Martello tower, photo by Erik Simpson

Inside Leopold Bloom

The Coen Brothers are no strangers to mythical allusion. For instance, critics have noted similarities to Job in A Serious Man and to Homer’s Odyssey in O Brother, Where Art Thou? Therefore, it takes no stretch of the imagination to claim that the Coens’ latest film, Inside Llewyn Davis, references another more modern, but still arguably classical text: James Joyce’s Ulysses. According to journalist Tim Wainwright, "James Joyce’s influence is recognizable throughout the movie," considering, for example, the fact that "Llewyn’s epic journey stays mostly within a few square miles, just like Leopold Bloom’s" (Wainwright). However, Mr. Wainwright (and his press peers) fail to explore the Bloomian potential of Inside Llewyn Davis, turning their backs on a turbulent yet rewarding literary voyage. Perhaps Wainwright and his contemporaries see themselves as provocateurs and would quote Stephen Daedalus, claiming that: "A man of genius makes no mistakes. His errors are volitional and are the portals of discovery" (U 9.228-29). Intentional or not, the omission of Joyce in recent analyses of Inside Llewyn Davis is a cinematic siren call, a promising portal of discovery that is difficult to ignore.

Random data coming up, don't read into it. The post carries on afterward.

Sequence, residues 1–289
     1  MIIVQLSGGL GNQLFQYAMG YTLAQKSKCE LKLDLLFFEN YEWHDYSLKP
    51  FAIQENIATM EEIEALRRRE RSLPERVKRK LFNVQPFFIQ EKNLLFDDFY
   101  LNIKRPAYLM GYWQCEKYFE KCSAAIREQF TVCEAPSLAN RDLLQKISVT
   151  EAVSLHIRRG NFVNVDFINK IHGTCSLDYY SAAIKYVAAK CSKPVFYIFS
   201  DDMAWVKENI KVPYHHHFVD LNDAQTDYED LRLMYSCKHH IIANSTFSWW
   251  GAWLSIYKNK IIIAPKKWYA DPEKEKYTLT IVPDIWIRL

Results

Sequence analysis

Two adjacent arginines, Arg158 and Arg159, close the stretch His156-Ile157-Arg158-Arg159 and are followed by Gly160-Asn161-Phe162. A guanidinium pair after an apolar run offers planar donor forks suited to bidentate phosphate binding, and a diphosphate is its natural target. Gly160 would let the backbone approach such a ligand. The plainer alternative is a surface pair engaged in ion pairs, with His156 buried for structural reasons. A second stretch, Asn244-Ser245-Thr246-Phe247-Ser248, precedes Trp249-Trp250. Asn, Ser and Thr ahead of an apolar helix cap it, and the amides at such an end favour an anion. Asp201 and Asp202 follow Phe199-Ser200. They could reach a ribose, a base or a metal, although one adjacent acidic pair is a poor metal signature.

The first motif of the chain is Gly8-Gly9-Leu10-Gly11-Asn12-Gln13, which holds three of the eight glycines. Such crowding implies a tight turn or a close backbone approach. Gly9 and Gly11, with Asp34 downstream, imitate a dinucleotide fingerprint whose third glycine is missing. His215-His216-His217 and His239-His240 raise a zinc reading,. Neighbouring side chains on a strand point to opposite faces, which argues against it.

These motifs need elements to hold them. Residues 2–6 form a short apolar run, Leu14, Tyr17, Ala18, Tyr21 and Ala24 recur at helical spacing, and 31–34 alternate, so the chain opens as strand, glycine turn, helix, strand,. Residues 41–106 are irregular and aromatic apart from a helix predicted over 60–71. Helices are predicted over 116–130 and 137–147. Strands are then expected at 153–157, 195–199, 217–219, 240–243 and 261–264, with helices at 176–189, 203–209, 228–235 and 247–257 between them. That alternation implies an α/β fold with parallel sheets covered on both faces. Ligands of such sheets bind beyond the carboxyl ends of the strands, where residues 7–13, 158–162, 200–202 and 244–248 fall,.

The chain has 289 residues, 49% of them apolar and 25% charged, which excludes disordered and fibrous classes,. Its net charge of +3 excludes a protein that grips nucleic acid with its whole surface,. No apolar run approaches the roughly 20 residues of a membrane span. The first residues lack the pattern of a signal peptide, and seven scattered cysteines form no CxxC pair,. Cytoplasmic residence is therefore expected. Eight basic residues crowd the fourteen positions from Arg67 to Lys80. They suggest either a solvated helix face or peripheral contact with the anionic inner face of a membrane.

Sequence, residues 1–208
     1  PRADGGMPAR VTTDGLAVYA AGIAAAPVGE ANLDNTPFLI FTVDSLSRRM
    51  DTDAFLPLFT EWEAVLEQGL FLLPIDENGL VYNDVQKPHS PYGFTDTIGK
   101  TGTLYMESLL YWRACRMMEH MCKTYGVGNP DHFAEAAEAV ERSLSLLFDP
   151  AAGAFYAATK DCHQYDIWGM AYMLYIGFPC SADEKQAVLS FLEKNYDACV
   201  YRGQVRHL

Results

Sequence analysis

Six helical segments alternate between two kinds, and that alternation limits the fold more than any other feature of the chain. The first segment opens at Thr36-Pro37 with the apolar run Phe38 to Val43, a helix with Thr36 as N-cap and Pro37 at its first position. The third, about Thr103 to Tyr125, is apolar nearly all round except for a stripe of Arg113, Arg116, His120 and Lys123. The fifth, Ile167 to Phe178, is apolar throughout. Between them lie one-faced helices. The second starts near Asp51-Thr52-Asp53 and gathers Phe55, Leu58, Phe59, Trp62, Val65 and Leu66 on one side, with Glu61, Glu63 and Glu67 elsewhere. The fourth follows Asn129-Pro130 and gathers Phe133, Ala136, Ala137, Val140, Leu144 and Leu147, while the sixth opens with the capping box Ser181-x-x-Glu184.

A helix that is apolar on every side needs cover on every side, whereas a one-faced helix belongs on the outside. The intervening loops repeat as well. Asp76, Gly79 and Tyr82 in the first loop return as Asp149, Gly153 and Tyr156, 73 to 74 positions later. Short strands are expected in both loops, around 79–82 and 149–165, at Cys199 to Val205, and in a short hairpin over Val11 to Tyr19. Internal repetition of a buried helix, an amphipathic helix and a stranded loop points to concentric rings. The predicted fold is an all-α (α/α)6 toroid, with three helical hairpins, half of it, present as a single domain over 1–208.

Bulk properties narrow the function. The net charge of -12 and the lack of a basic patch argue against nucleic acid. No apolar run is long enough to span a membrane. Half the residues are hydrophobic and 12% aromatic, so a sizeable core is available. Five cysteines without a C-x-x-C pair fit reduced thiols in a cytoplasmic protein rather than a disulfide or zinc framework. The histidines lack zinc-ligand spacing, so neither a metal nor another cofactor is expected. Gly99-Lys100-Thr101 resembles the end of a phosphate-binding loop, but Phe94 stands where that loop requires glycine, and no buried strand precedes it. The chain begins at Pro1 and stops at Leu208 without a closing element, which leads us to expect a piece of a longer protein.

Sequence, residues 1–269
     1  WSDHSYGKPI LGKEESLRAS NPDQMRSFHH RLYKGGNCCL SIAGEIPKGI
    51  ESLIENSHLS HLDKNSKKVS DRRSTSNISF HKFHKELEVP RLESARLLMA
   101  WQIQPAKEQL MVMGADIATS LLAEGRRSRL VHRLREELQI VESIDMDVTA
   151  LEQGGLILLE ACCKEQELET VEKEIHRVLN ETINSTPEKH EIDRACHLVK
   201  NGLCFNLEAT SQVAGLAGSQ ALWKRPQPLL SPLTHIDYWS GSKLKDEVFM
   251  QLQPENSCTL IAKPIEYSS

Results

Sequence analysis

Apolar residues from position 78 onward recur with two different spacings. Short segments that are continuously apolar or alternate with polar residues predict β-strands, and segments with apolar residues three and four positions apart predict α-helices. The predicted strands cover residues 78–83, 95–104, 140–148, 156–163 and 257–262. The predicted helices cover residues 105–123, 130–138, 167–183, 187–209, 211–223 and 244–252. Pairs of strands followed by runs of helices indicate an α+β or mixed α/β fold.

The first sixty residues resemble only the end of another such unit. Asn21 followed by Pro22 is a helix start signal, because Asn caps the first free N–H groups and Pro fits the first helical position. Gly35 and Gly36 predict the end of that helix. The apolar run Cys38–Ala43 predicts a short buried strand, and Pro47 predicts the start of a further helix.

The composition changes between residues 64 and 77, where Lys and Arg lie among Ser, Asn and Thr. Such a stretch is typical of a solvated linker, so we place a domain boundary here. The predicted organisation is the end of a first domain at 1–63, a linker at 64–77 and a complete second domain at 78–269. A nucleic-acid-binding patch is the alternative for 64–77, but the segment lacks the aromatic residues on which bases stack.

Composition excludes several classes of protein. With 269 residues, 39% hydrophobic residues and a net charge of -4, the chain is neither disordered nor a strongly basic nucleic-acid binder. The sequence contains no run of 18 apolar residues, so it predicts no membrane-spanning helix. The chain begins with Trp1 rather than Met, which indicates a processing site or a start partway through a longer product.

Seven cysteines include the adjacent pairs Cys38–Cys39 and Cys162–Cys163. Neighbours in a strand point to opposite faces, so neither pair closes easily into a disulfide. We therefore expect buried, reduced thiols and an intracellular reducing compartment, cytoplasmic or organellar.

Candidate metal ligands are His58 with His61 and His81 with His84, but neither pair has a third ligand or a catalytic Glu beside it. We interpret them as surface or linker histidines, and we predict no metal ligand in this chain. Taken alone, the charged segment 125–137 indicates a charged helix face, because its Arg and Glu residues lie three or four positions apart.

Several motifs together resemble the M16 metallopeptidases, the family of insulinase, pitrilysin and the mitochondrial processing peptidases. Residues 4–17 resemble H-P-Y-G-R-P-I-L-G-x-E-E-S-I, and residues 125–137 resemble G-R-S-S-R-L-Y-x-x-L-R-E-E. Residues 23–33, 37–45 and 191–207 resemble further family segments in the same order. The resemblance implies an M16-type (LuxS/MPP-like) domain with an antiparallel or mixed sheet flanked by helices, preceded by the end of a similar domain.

Granted, to say that the Coens intended their film to be an actual remake of Ulysses, with Joyce’s semi-hero Bloom recast as the struggling sixties folk artist Llewyn Davis, is an argument not possible for the confines of this work—such a proof would be a process akin to herding cats. But, a comparison of these two characters can yield evidence of the influence of one text upon another, suggesting that, if not a translation, Inside Llewyn Davis is at least a metempsychotic incorporation of Joyce’s earlier work. Additionally, this comparison is only one perspective: there are many other Ulyssean paths with which one could further explore the film’s relationship with the novel. For instance, tracking the thematic overlap in both works’ musical allusions, or rewriting the comparison with Davis as Stephen Daedalus instead of Bloom, might also be fruitful pursuits. In other words, there is more than one way to skin the cat. Rather than claim absolutes, the following analysis can be read as a cinematic conspiracy theory of sorts; a means by which interested individuals can engage with Joyce’s Ulysses through a cinematic lens. By tracing the cats in both Ulysses and Inside Llewyn Davis, one can see Joyce’s echoes in contemporary culture, highlighting the timeless relevance of Ulysses and allowing modern audiences to embark on an odyssey of overlaps that weaves through cats and names, fatherhood and folk songs; a literary game of cat and mouse.

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